Literary evening lectures: Mapping imaginary topographies and times: Literary utopias from the Renaissance to the present

Course Dates: 17/05/18
Time: 19:40 - 21:00
Location: KS - Keeley Street

Come and enjoy monthly talks and discussion on authors and literary topics that influenced and continue to impact on our understanding of prose, poetry and drama.

Description

What is the course about?

Want something stimulating to do after work?

Spend an hour at our Literary Evening Lectures, enjoying monthly talks and discussion on authors and
literary topics given by writers and academics from City Lit and beyond.

What will we cover?

This talk will consider the function of the literary utopia in political thinking. Thomas More's 1516 text, Utopia, coined a deliberately ambiguous term that signifies both eu-utopos (the “good place”) and ou-topos (“no place”) and used a complex framing device in which to couch his Renaissance vision of a perfect society. Since More’s originary text, then, the literary genre of utopia has encompassed a search for human perfection as well as the self-reflexive recognition that such a state of utopian governance cannot be achieved. From Francis Bacon’s scientific society in New Atlantis (1627) and Margaret Cavendish’s fantastical journey to The Blazing World (1666), Early Modern utopian narratives sought exotic utopian islands at the outer limits of the known world. By the late nineteenth century, however, such cartographic discoveries were no longer possible and utopian communities either moved across the galaxy or became projected into distant futures. Edward Bellamy’s Looking Backward (1888), William Morris’ News From Nowhere (1890) and H. G. Wells’ Men Like Gods (1923) all envisioned scientific and technological progress in the future, and their utopian travellers returned to the present with tales of socialism and advanced scientific development. By the 1960s and 1970s our belief in a better future was sufficiently enervated as to withdraw into self-contained utopias within otherwise dystopian texts - in novels by Marge Piercy, Joanna Russ and Ursula Le Guin. The talk will conclude by reflecting upon the sophistication of utopian narratives as a self-reflexive literary form, and their ongoing relevance for our own contemporary moment, at a time of increasingly dystopian political realities.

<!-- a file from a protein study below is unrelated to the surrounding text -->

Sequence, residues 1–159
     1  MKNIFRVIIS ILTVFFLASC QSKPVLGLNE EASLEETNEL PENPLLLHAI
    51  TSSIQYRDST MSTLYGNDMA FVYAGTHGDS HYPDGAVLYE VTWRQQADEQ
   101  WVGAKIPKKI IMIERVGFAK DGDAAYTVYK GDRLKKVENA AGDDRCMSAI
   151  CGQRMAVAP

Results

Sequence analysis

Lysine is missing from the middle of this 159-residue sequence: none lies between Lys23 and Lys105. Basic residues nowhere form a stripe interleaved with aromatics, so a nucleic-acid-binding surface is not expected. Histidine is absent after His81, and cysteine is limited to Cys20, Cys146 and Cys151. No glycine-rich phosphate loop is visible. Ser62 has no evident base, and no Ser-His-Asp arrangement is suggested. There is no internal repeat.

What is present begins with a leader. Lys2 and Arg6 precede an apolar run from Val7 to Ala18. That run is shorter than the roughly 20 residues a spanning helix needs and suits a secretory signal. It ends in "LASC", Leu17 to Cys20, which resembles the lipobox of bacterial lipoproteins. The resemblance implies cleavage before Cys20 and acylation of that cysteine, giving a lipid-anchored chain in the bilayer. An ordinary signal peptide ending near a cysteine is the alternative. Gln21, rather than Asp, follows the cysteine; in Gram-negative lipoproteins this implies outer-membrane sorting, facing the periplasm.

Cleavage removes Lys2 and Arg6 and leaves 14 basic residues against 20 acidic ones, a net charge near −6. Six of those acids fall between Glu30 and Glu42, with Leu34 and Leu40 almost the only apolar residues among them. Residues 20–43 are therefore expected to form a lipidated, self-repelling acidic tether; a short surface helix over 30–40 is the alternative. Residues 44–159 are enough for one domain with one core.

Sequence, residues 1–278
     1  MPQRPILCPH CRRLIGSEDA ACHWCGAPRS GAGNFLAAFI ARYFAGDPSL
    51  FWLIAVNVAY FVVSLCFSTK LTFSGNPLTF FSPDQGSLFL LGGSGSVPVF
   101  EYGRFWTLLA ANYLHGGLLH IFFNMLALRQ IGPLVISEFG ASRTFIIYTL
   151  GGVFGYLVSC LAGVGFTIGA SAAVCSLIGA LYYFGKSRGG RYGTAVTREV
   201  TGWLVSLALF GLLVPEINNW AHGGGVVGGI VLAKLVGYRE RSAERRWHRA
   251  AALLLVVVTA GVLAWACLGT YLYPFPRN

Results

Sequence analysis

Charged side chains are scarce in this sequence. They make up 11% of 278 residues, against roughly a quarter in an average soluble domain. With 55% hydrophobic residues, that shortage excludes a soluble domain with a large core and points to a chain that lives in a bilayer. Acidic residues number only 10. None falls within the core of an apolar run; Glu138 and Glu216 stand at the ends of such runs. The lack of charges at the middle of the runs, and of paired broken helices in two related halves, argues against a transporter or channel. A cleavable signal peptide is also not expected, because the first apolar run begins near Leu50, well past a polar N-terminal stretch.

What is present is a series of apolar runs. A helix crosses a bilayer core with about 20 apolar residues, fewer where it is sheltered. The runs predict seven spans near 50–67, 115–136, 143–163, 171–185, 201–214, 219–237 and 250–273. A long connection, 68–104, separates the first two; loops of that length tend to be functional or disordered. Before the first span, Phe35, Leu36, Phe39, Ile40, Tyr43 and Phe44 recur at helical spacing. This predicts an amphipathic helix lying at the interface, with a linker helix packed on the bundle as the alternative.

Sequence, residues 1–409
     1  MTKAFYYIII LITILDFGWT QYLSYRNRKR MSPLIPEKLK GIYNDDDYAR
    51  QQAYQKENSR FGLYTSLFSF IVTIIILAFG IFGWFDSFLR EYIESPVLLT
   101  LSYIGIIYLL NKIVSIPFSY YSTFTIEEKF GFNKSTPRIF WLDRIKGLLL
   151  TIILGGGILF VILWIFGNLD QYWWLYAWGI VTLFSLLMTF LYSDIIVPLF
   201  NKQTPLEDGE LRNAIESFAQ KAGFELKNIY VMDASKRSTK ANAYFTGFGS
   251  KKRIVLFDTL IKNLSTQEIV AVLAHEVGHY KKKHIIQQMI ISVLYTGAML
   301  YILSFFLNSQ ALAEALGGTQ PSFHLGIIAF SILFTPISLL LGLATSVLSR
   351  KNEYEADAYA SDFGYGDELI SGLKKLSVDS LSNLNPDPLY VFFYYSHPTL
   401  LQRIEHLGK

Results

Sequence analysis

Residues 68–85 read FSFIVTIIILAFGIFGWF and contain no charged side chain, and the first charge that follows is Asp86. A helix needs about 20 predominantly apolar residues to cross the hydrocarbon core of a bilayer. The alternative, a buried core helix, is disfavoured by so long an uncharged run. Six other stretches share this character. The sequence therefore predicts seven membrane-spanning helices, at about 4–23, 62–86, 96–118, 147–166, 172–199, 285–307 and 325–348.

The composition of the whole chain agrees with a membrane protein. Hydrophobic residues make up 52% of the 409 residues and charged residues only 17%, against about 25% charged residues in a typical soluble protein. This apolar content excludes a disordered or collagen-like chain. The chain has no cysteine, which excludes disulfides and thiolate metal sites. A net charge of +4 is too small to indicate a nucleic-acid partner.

What will I achieve?
By the end of this course you should be able to...

Understand more about authors, literary themes and topics related to fiction, poetry or drama, depending on the theme of the monthly talk.

Biography:
Dr Caroline Edwards is Senior Lecturer in Modern & Contemporary Literature at Birkbeck, University of London. Her research focuses on the utopian imagination in contemporary literature, science fiction, apocalyptic narratives, and Western Marxism. She is author of Fictions of the Not Yet: Utopian Times in the 21st Century British Novel (forthcoming), and has co-edited two books on living writers: China Miéville: Critical Essays (Gylphi, 2015) and Maggie Gee: Critical Essays (Gylphi, 2015). Caroline is currently working on a second monograph, Arcadian Revenge: Utopia, Apocalypse and Science Fiction in the Era of Ecocatastrophe, which examines fictions of extreme environments, including Mars, Antarctica, the deep sea, and the centre of the Earth. She has published articles in Telos, Modern Fiction Studies, Textual Practice, Contemporary Literature, Subjectivity, and the New Statesman and is regularly involved in public events, having spoken at the Wellcome Trust, the Institute of Contemporary Arts, Harvard University, the Academy of the Fine Arts in Vienna, King's College London, BBC Radio 4, BBC Radio 3, Hillingdon Literary Festival, the Museum of London, BBC One South East, and the LSE Literary Festival. Caroline is Secretary of the British Association for Contemporary Literary Studies (BACLS) and Editorial Director of the Open Library of Humanities.

What level is the course and do I need any particular skills?

The lecture is open to all those who enjoy learning about and discussing literature.

How will I be taught, and will there be any work outside the class?

There will be a lecture from the speaker followed by a Q&A session.

Are there any other costs? Is there anything I need to bring?

There are no extra costs.

When I've finished, what course can I do next?

Look for other literature courses under History, Culture and Writing on our website, www.citylit.ac.uk.

General information and advice on courses at City Lit is available from the Student Centre and Library on Monday to Friday from 12:00 – 19:00.
See the course guide for term dates and further details

Reviews

This course has now finished

Course Code: HLT132

Finished Thu, eve, 17 May - 17 May '18

Duration: 1 session

Full fee: £9.00
Senior fee: £9.00
Concession: £9.00
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